What we all were fearing about has come true – India’s GDP has shrunk by 24% in the first quarter of current financial year. Within a matter of few quarters India has transformed herself from one of the fastest growing economies in the world into a fastest shrinking economy – all thanks to COVID-19. Industrial/Services GDP growth contracted by -34%/-24% led by sharp contraction in construction and trade/ hotels/transport/communication. Only saving grace is our agriculture which grew by 3.4% which was also below the expectation of 5%. Government expenditure, to an extent, was able to prevent the slide. Again, in government expenditure it was the consumption expenditure rather than project expenditure that is overwhelming which is also a worrisome factor.
Why construction underperformed?
One of the glaring underperformances came from construction sector which contracted by 50%. Almost all construction activities had come to a grinding halt when the government announced lockdown on 25th March and whole of the April it remained idle. When the government started relaxing the lockdown norms migrant workers who are the backbone of our construction sector started going back to their hometowns thus creating labour scarcity at the construction sites. Thus, even after lifting lockdown, the construction sector failed to restart immediately. Some construction activities were seen in rural areas and small towns which were not enough to show positive growth.
But industry is optimistic
However, there is no need to dishearten from this plunge in GDP and we can take consolation from the views expressed by some of the players in the industry. For example, Larsen & Toubro, the largest engineering and construction company in the country, is witnessing early signs of pick up in ordering activity in domestic as well as international market for the infra projects. The Company is seeing steady increase in availability of migrant labours and currently 190000 labours are on its sites and around 1500 new labours added on daily basis but at higher cost. However, the company feels that execution cannot be at normal level until the situation is back to normal despite the migrant labour back to construction site due to social distancing norms.
Volatility in macros will continue
Ultratech Cement, the largest cement producer in India, expects moderate pick up in cement demand post Diwali with labours going back to urban areas. According to the company, the macros will continue to remain volatile considering vertical lock downs in many states. Jamshed Naval Cooper, Managing Director, Heidelberg Cement India Limited, expects government to promote construction as infrastructure activities helps to create employment. He expects reduction in demand in urban areas due to labour unavailability while rural demand is showing improvement.
Some sectors are showing continuous improvement
On the other hand, Cera Sanitaryware Ltd’s July 2020 sales were 95% of pre-Covid level. The company’s effective capacity utilization in May 2020 was 30% and 80% in June 2020. The company’s effective operating days were only 35 out of 91 days in the quarter. It shows that trend is towards improvement and the momentum has been maintained.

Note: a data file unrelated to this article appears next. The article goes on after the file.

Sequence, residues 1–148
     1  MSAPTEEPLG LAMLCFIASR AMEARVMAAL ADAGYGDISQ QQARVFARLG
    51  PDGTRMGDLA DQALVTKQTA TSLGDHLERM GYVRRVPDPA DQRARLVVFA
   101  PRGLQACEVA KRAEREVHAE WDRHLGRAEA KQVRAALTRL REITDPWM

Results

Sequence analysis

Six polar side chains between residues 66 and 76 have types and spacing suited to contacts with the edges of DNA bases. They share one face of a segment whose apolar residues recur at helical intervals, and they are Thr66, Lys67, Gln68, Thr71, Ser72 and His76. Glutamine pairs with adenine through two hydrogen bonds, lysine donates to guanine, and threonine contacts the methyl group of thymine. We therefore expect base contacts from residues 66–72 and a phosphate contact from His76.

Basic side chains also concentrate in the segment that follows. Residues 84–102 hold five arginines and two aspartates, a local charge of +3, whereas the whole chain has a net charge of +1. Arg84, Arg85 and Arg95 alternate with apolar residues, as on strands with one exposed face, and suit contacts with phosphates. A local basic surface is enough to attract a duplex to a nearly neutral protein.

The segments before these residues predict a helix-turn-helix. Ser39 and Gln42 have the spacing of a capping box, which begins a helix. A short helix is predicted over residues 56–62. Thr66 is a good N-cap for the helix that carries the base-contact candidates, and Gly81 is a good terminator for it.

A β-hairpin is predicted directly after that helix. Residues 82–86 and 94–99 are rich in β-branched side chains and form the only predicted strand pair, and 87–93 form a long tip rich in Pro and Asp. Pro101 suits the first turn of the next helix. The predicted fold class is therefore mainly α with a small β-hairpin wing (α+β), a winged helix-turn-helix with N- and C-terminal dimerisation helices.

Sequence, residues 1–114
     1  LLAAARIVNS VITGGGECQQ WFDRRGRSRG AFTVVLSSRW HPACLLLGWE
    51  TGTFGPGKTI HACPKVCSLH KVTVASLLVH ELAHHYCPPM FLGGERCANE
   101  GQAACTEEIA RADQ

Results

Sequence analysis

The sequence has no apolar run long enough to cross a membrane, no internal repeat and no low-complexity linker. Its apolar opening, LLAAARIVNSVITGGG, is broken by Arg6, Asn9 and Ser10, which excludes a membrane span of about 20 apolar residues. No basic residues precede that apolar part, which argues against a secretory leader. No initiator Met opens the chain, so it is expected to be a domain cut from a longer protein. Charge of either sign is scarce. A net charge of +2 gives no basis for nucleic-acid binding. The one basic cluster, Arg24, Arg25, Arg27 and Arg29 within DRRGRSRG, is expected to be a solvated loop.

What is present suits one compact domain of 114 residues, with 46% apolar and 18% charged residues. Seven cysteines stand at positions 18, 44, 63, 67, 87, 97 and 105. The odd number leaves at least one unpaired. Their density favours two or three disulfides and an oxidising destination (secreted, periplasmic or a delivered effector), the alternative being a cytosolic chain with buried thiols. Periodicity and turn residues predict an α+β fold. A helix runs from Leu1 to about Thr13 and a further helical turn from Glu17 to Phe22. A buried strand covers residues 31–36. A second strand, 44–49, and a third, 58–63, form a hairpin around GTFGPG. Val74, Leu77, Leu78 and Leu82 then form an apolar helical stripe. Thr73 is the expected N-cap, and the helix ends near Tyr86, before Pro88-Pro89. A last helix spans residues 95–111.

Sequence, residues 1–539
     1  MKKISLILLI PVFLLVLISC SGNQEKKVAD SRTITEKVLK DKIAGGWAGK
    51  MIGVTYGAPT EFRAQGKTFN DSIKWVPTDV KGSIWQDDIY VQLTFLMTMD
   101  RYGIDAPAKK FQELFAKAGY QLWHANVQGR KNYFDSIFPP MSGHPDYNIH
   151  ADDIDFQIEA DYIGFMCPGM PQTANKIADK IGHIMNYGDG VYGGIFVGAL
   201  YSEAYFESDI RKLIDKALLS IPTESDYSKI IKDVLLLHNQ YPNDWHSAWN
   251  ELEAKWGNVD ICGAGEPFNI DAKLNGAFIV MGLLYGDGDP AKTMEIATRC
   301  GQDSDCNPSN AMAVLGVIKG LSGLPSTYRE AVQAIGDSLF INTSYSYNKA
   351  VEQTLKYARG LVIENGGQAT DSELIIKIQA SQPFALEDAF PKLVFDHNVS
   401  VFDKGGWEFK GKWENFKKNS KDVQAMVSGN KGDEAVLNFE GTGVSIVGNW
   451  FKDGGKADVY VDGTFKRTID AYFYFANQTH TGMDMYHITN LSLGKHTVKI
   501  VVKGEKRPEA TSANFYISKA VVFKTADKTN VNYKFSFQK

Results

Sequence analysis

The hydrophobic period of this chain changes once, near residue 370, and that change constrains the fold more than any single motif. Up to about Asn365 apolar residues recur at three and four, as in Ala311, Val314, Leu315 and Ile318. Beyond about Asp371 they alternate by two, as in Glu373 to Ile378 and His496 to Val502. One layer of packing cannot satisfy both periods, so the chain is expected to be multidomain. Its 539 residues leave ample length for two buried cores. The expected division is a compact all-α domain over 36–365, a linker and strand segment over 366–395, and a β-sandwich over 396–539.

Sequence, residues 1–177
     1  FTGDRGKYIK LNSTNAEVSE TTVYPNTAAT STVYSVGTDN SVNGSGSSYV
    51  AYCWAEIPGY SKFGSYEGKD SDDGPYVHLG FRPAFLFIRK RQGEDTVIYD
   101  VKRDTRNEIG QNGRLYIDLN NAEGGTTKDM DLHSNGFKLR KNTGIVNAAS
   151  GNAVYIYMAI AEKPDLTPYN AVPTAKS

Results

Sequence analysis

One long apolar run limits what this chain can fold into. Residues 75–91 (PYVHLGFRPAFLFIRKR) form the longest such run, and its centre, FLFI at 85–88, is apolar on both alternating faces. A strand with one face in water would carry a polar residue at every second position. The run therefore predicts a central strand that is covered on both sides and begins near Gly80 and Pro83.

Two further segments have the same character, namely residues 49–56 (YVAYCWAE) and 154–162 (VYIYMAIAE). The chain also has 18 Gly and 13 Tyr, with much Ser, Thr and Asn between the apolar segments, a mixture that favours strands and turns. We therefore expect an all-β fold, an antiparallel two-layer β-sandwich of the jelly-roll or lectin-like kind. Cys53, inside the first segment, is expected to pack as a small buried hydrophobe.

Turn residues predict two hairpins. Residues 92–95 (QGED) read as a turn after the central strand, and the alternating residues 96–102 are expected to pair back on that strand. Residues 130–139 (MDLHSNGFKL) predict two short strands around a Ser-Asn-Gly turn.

According to Asian Paints, the decorative business saw improvement in demand over May & June after complete washout in April. The Company’s business achieved 80% of the base volumes in May and managed to grow by more than 14% in June-20. Berger Paints, the second largest paint maker in the country, remains optimistic with regard to recovery in business. For the Company protective coating is recovering faster than automotive coatings. The Company expects rural demand to sustain led by measures undertaken by government to uplift rural. Sheela Foam, the mattress manufacturer, expects normalcy to return by Q4FY21 or Q1FY22. The company has recovered to 80-85% of business in India in July’20.
But the economy had moved on to slow track even before COVID breakout
Even before the COVID-19 hit, the growth slowdown was already looking entrenched with consumption secularly joining the slowdown bandwagon that was front-led by languishing investment. The path has been further cyclically derailed by COVID-19 hit. More ominously, after having smartly rebounded to almost 75% of pre-Covid levels, most activity indicators are losing momentum or are stagnating at current sub-optimal utilization levels.
Sub-optimal policy response both on fiscal and monetary front would only mean the downward growth cycle could stretch further cyclically. This could be seen in most activity indicators, which after having rebounded smartly are now losing momentum or are stagnating at current low utilization levels. That may be partly due to onset of Monsoon during which period economic activities normally slowdown. But it is also true that after announcing easing of lockdown norms many states have gone back on their words and have re-introduced local lockdowns which has brought a sense of uncertainty among the businesses. Above all, such spate of out of turn announcement of local lockdowns have hampered the free movement of goods impacting the businesses at various locations.
Most of the people we have spoken to have expressed their confidence of business revival by the fourth quarter of this year or the first quarter of next financial year. But, to that to happen the government needs to be proactive in its reform measures and also should take steps to remove the uncertainties generated by local lockdowns.